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Error analysis and tractability for multivariate integration and approximationHuang, FangLun 01 January 2004 (has links)
No description available.

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The estimation and presentation of standard errors in a survey reportSwanepoel, Rene 26 May 2006 (has links)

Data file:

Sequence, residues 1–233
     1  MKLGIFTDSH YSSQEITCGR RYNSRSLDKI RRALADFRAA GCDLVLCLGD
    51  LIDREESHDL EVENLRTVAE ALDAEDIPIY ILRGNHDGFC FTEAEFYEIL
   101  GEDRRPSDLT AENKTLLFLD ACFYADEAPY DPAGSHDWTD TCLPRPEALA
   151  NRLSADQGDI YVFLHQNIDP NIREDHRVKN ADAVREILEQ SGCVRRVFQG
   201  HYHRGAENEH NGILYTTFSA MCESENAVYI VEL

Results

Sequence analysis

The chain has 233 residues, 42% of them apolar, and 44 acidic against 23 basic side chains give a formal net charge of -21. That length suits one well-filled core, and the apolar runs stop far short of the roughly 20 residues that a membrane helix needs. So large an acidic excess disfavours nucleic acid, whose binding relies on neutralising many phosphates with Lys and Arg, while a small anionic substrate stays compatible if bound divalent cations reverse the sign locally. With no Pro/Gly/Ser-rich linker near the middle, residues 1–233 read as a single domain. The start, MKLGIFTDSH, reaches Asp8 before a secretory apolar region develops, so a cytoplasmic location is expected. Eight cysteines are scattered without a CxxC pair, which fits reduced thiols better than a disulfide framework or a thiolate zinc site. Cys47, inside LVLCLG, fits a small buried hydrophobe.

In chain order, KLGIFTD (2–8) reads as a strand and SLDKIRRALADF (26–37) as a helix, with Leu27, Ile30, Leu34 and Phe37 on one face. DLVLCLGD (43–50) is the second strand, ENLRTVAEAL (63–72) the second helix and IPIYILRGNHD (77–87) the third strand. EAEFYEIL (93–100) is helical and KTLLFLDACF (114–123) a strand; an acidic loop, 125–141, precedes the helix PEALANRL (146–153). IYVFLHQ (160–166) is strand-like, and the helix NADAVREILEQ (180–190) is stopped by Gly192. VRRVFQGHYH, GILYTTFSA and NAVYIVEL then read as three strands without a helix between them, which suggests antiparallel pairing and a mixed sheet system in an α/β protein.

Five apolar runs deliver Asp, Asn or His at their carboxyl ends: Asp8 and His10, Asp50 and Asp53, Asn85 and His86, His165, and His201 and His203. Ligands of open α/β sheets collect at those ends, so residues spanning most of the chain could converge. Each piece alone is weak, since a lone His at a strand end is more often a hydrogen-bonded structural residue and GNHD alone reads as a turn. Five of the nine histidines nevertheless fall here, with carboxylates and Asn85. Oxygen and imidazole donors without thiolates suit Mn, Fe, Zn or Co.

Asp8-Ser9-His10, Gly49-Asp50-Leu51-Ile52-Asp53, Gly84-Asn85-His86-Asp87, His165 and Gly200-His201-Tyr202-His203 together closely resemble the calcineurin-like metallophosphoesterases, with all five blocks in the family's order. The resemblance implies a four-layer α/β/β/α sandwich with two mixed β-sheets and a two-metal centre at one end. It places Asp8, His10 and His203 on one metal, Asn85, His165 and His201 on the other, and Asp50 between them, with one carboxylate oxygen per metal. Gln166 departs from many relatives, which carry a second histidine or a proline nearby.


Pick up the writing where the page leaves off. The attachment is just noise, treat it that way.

The vast number of different study variables or population characteristics and the different domains of interest in a survey, make it impractical and almost impossible to calculate and publish standard errors for each estimated value of a population variable or characteristic and each domain individually. Since estimated values are subject to statistical variation (resulting from the probability sampling), standard errors may not be omitted from the survey report. Estimated values can be evaluated only if their precision is known. The purpose of this research project is to study the feasibility of mathematical modeling to estimate the standard errors of estimated values of population parameters or characteristics in survey data sets and to investigate effective and userfriendly presentation methods of these models in reports. The following data sets were used in the investigation: • October Household Survey (OHS) 1995  Workers and Household data set • OHS 1996  Workers and Household data set • OHS 1997  Workers and Household data set • Victims of Crime Survey (VOC) 1998 The basic methodology consists of the estimation of standard errors of the statistics considered in the survey for a variety of domains (such as the whole country, provinces, urban/rural areas, population groups, gender and age groups as well as combinations of these). This is done by means of a computer program that takes into consideration the complexity of the different sample designs. The direct calculated standard errors were obtained in this way. Different models are then fitted to the data by means of regression modeling in the search for a suitable standard error model. A function of the direct calculated standard error value served as the dependent variable and a function of the size of the statistic served as the independent variable. A linear model, equating the natural logarithm of the coefficient of relative variation of a statistic to a linear function of the natural logarithm of the size of the statistic, gave an adequate fit in most of the cases. Wellknown tests for the occurrence of outliers were applied in the model fitting procedure. For each observation indicated as an outlier, it was established whether the observation could be deleted legitimately (e.g. when the domain sample size was too small, or the estimate biased). Afterwards the fitting procedure was repeated. The Australian Bureau of Statistics also uses the above model in similar surveys. They derived this model especially for variables that count people in a specific category. It was found that this model performs equally well when the variable of interest counts households or incidents as in the case of the VOC. The set of domains considered in the fitting procedure included segregated classes, mixed classes and crossclasses. Thus, the model can be used irrespective of the type of subclass domain. This result makes it possible to approximate standard errors for any type of domain with the same model. The fitted model, as a mathematical formula, is not a userfriendly presentation method of the precision of estimates. Consequently, userfriendly and effective presentation methods of standard errors are summarized in this report. The suitability of a specific presentation method, however, depends on the extent of the survey and the number of study variables involved. / Dissertation (MSc (Mathematical Statistics))University of Pretoria, 2007. / Mathematics and Applied Mathematics / unrestricted